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Gyration in a uniform magnetic field
Of fundamental importance in space physics is how individual particles behave in the presence
of electric and magnetic elds. The resulting particle orbits can usually be thought of as the
sum of two parts, gyration a
Magnetohydrodynamics is the description of fluid (or gas) flow in a medium that is electrically conducting. As with hydrodynamics, it is a continuum description based on simple
conservation laws (mass, momentu
Please refer to http:/farside.ph.utexas.edu/teaching/plasma/lectures/node66.html, on which
these notes are based. I use slightly dierent notation and units relative to this web site.
In particular note that the URL expresses temperature in
This document will outline and review some of the basic properties of electromagnetism,
with emphasis on the development of the Maxwell equations.
Units and Definitions
Well start with a table (a condensed version of information fro
The presence of the ionosphere was speculated by Gauss in 1839 to explain the daily variations
of the geomagnetic eld. The ionosphere is formed by photoionization of the atmospheric
gasses with its lower boundary at an altitude of about 6
Hydrodynamics in Space Physics
One of the simplest approaches to modeling space plasmas is to assume that the equations
of hydrodynamics may be applied. In this limit, all electric and magnetic eects are ignored.
While not justied rigourously (the mean
Shock Waves in the Solar Wind
A shock wave is loosely defined as a very strong pressure wave that propagates at speed in excess
of the local sound speed. Material passing through a shock is slowed, compressed, and heated.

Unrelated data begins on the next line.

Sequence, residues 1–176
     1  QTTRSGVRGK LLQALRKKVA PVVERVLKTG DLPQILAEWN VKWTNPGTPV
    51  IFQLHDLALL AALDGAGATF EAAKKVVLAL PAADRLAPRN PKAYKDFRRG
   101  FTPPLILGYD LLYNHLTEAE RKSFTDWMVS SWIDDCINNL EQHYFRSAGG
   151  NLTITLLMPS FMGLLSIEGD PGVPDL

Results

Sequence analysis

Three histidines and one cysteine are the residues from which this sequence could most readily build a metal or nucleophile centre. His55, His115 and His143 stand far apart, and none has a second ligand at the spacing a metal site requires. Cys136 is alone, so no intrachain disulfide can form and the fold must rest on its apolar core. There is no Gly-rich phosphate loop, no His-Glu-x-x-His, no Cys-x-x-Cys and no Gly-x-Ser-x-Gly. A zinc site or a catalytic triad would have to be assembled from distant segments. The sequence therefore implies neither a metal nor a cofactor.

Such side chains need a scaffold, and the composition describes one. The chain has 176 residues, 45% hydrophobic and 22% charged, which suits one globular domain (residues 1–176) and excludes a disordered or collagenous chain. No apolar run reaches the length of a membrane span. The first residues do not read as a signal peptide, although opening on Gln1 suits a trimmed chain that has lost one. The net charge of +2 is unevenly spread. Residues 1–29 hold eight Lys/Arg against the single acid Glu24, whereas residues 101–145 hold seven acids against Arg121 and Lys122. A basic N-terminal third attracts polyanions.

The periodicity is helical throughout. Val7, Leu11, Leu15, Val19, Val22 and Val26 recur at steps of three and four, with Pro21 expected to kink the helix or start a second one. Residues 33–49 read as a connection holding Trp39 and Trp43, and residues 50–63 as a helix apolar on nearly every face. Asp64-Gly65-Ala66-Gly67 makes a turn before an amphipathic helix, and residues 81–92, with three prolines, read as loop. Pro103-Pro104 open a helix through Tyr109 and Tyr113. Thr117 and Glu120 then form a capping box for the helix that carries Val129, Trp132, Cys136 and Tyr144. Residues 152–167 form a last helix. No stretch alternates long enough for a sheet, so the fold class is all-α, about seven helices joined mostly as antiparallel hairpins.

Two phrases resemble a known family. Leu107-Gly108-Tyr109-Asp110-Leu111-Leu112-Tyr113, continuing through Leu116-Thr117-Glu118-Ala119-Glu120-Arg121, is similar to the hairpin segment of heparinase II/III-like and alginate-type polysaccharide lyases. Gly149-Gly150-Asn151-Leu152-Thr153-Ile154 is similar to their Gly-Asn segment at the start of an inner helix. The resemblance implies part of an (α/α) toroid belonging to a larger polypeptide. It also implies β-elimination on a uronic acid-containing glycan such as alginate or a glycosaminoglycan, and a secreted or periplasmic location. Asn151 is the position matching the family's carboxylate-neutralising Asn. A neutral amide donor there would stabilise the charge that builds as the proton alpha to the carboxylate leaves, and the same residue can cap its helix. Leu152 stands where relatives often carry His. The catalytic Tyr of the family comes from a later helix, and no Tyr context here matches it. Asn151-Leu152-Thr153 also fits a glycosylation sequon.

Shock waves can be created for
What is Space (Plasma) Physics?
As we will learn in the future lectures, the Sun's atmosphere (Photosphere, Chromosphere,
and the Corona) has no upper end near the Sun, but rather extends into the Solar System
well beyond Pluto's orbit
Vectors and Vector Fields
In this course we will study a variety of fluids and gasses ranging from the Earths atmosphere
to the surface of the sun. This will require at least a basic usage of vectors and vector fields.
The purpose of this handout is to
Table 1. Air composition, Ground level
Component Volume (%) Component Volume (%)
As was discussed in an earlier lecture on hydrodynamics, a crude model of the E
Figure 1: Cutaway of Earths interior (from (6)
Earths Structure and Magnetic Field
The Earths Interior
The Earth is roughly spherical in shape with a radius of approximately 6370 km (4000
mi). Since it is only possible to drill down to less than 8 m
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1. General Characteristics
a. A typical star
b. Radius RS = 696, 000 km or about 109 RE , where RE is the Earth's radius.
c. Mass m = 1.989 x 1030 kg
d. Composed mainly of H (92.1%) and He (7.8%) with traces of C, N, 0, Mg, Si, S, Ar, Ca,